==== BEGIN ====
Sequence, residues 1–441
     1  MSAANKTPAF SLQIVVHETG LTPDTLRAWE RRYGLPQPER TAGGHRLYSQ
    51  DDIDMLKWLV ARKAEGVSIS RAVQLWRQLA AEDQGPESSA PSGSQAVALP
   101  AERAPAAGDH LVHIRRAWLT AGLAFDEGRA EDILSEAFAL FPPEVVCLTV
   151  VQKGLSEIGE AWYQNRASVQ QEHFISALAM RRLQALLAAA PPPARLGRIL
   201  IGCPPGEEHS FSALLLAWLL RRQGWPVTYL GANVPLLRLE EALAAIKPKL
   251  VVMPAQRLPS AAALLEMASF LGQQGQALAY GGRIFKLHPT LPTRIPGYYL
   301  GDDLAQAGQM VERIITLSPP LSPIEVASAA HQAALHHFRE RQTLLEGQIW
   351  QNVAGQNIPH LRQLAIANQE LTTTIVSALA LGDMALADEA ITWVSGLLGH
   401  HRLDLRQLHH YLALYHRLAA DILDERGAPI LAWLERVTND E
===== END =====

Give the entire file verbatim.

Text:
Sequence, residues 1–441
     1  MSAANKTPAF SLQIVVHETG LTPDTLRAWE RRYGLPQPER TAGGHRLYSQ
    51  DDIDMLKWLV ARKAEGVSIS RAVQLWRQLA AEDQGPESSA PSGSQAVALP
   101  AERAPAAGDH LVHIRRAWLT AGLAFDEGRA EDILSEAFAL FPPEVVCLTV
   151  VQKGLSEIGE AWYQNRASVQ QEHFISALAM RRLQALLAAA PPPARLGRIL
   201  IGCPPGEEHS FSALLLAWLL RRQGWPVTYL GANVPLLRLE EALAAIKPKL
   251  VVMPAQRLPS AAALLEMASF LGQQGQALAY GGRIFKLHPT LPTRIPGYYL
   301  GDDLAQAGQM VERIITLSPP LSPIEVASAA HQAALHHFRE RQTLLEGQIW
   351  QNVAGQNIPH LRQLAIANQE LTTTIVSALA LGDMALADEA ITWVSGLLGH
   401  HRLDLRQLHH YLALYHRLAA DILDERGAPI LAWLERVTND E